Food & Drink

New Zealand is a leading producer of meat and dairy products, and cuisine is largely based on these. Venison and game birds are also popular. A wide range of seafood is also available, including snapper, grouper, oysters and crayfish.

Maori Cuisine

Like other Polynesian peoples, Maori cooked their food in earth ovens, known in New Zealand as hangi. Other cooking methods included roasting and, in geothermal areas, boiling or steaming using natural hot springs and pools. Occasionally food would be boiled in non-geothermal areas by putting hot stones into a bowl with water and the food; and some food was also cooked over the open fire. Some foods were preserved using smoke, air-drying, or layers of fat - particularly muttonbirds. Maori were one of the few peoples to have no form of alcoholic beverage.

Present day Maori cuisine is a mixture of Maori tradition, old fashioned English cookery and contemporary dishes. Most large Maori gatherings will feature a hangi, which is likely to contain foods brought to New Zealand by Maori and by Pakeha. In less formal occasions, distinctively Maori dishes include the boil-up - of pork, potatoes, kumara, and dumplings, which is also similar to traditional British cooking methods, and pork and puha - sow thistle, which combines an introduced meat with an indigenous vegetable.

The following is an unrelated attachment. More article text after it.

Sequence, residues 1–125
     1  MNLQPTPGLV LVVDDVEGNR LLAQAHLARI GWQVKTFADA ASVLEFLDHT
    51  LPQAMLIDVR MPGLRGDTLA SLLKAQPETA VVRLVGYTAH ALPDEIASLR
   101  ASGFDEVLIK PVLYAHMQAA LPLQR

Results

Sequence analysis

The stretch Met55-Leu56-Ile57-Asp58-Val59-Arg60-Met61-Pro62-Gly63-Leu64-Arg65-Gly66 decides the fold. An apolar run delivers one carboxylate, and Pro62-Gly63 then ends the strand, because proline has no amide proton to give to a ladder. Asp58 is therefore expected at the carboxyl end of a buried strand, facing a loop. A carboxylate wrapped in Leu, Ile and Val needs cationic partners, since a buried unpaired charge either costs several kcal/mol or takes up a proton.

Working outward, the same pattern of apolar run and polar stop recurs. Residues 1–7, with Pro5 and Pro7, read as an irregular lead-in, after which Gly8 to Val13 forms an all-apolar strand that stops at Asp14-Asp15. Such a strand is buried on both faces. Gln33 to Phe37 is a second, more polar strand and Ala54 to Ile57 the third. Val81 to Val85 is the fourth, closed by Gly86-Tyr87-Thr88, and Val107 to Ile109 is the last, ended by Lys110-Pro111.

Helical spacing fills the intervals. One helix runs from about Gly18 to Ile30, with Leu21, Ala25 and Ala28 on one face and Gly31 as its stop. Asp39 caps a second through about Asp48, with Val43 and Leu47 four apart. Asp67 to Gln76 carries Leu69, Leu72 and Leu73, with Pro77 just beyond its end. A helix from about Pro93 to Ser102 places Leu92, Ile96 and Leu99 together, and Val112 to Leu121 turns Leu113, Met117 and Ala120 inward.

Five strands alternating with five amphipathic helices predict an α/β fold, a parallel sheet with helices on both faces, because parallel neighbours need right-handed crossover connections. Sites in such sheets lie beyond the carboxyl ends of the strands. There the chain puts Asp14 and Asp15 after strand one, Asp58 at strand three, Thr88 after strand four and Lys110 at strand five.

Other Cuisines

New Zealanders come from many ethnic backgrounds, and most immigrants to New Zealand have tried to reproduce their native cuisines or national dishes in New Zealand. Ethnic restaurants have served as community meeting places and have also given other New Zealanders a chance to try different cuisines.

Wines

Perhaps even better known than New Zealand lamb, mussels and other foods are the country's wines. There are 10 major wine-producing areas in New Zealand, with Marlborough famed for its Sauvignon Blanc, Gisborne for its Chardonnay, and Central Otago and Martinborough building a reputation for Pinot Noir and Pinot Gris. Hawkes Bay is known for its bold Cabernets and Auckland's Waiheke Island is home to one of the top 20 Cabernet blends in the world. Marlborough and Hawkes Bay are New Zealand's two premium wine-growing regions. You can find out more about New Zealand's wine regions in the Wine Resource Centre.